There are some results in mathematics that are clearly very deep or interesting or surprising or useful. There are others that seem rather innocuous at first, but that turn out to be just as deep or interesting or surprising or useful. It seems to me that the Steinitz Exchange Lemma is definitely in the latter camp.

In order to write about this result, I have to say something about what a vector space is. Informally, a vector space is a set of objects (*vectors*) that we can add and that we can multiply by *scalars*. And the addition behaves nicely (officially, the set of vectors forms a *group* under addition), and the multiplication behaves nicely, and the two operations interact nicely. In essence, everything behaves as we think it ought to. The scalars come from another set, which has to be a *field*: we can add, subtract, multiply and divide scalars (except that we can’t divide by 0). Let me give a couple of my favourite examples of vector spaces, which I hope will help.

One example is , which is a vector space over the field of the reals. The vectors in this space are -tuples of real numbers. For example, when this is just the familiar space of vectors in the plane.

Another is , which is a vector space over the field of integers modulo (here is a prime). Vectors in this space are -tuples of integers modulo .

In order to get to the main topic of this post, I need to introduce a couple more concepts. (This is all a good illustration of the flavour of university-level mathematics, where one has to get to grips with a bunch of concepts before being able to put them together in theorems!)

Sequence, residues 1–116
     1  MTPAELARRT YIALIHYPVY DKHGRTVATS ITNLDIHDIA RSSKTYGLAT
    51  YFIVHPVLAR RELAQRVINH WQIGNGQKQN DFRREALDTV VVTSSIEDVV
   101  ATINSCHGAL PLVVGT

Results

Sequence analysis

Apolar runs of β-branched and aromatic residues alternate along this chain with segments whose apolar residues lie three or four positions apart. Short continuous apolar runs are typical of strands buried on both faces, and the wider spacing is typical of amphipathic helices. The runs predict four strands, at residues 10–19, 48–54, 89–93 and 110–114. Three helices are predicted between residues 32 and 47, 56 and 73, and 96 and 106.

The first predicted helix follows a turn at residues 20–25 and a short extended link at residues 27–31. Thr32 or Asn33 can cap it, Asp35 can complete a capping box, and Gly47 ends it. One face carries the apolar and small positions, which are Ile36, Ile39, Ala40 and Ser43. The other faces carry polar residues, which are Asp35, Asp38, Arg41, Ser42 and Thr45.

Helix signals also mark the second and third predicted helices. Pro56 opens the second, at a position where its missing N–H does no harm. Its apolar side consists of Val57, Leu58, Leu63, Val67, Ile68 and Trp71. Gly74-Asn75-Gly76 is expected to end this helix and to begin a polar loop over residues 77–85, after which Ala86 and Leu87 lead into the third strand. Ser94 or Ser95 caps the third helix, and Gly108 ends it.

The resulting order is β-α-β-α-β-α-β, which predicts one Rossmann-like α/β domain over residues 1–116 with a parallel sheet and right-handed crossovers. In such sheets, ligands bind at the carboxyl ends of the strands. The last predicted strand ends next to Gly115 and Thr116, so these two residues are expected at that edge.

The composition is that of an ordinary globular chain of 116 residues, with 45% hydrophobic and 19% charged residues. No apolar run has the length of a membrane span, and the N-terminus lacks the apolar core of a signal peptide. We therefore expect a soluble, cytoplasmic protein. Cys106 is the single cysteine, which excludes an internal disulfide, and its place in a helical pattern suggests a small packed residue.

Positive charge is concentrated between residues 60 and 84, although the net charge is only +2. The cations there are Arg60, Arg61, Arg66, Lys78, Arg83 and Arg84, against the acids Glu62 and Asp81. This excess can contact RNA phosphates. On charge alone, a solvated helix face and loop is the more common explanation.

One is the idea of linear independence. Let’s start with the familiar plane , and let’s take two non-zero vectors and in the plane. (It’s conventional to typeset vectors in **bold**.) They might point in completely different directions. Or they might point in essentially the same direction: we might have for some scalar . In the former case we say that they’re linearly independent; in the latter that they’re linearly dependent.

If we take three vectors, then we could have something like , , . In this case, any two of these vectors point in completely different directions, but if we consider all three then they are related: . It isn’t quite that they point in the same direction, but there is a dependence between them: we can write in terms of and . So any two of them are linearly independent, but the three of them are linearly dependent.

Formally, we say that the vectors are *linearly independent* if the only way to have is when . Putting that another way, we can’t write one of them in terms of the others. (One can extend this definition to a set of infinitely many vectors, but let’s stick to finite collections in this post.)

I said that I needed to introduce a couple more concepts; here’s the second. Let’s go back to our favourite example of the plane . There’s something really special about the vectors and : we can write every vector in as a *linear combination* of them. For example, , and . We’re quite used to doing that, because and are familiar vectors.

Can we do the same sort of thing with and ? Well, , and more generally . So yes we can! But we couldn’t do it if we just had , because we can’t possibly write every vector in as a multiple of .

We say that the vectors *span* a vector space if every vector in the space can be written as a linear combination for some scalars . (Again, one can extend this definition to infinite collections of vectors, and again I’m not going to worry about that here.)

Now that we know what the words mean, we can get down to business…

So the question is: given a vector space, how large/small can a collection of linearly independent vectors be, and how large/small can a spanning collection of vectors be? I strongly encourage you to think about this, perhaps with the help of some examples.